The National Oceanic and Atmospheric Administration, or NOAA, announced a disaster declaration for the 2019 Norton Sound red king crab season.
U.S. Secretary of Commerce Gina Raimondo shared her determination of the disaster on June 29th.
This declaration provides an avenue for NOAA to allocate funds to those whose businesses were hurt by the low return of king crab in 2019, the Norton Sound Economic Development Corporation’s Vice President and Quota and Acquisitions Manager Simon Kinneen said.
“In essence, [this declaration means] potentially payments to fishermen for lost revenues in the fishery. But there’s also funds that can go to other things, such as affected processors or potentially even to research to help understand what’s going on with this stock in the first place,” said Kinneen.
By the end of 2019’s season, fishers caught around 78,000 pounds of red king crab, even though the Alaska Department of Fish and Game set the guideline harvest level at 150,000.
“And then once those funds are appropriated, that will then go to the Alaska Department of Fish and Game to develop a spend plan. So they’ll take a look at the funds that are available, and then come up with a way to divide that between affected individuals,” explained Kinneen.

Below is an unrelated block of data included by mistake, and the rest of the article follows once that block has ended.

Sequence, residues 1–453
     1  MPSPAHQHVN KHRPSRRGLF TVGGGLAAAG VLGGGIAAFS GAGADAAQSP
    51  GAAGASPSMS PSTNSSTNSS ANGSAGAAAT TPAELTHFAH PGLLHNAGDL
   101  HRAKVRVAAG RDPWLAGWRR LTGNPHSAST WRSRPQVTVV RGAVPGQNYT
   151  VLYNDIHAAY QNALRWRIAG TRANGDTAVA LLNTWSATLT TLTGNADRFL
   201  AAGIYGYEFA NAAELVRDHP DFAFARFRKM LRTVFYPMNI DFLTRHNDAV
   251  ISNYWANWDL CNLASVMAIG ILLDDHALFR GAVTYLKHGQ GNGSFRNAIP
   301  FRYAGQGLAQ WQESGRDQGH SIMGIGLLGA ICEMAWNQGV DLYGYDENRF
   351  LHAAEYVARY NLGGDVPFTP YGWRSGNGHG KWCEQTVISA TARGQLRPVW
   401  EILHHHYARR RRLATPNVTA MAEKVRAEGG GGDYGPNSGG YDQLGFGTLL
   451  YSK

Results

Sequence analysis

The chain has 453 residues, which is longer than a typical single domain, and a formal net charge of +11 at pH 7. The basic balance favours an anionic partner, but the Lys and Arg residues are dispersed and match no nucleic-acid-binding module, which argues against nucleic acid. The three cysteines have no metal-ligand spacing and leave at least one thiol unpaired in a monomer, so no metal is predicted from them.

About $12 million in funding is left from the 2019 Fiscal Year disaster appropriation of $65 million, according to Katherine Brogan, Acting Public Affairs Director for NOAA Fisheries. While a date is not set for when these funds will be available, NOAA Fisheries will “work with affected states to develop a spend plan based on high priority needs on the affected community. The process for affected fishermen to apply for those funds will depend on the specific procedures the state outlines in the approved spend plan,” said Brogan.
Raimondo also made disaster declarations for fisheries in New York and Washington. Disaster declarations are still pending for 2020’s Kuskokwim and Norton Sound salmon fisheries.
Image at top: Crab pots sit empty in Nome’s small boat harbor during the summer season. Photo from NSEDC’s website, via public domain.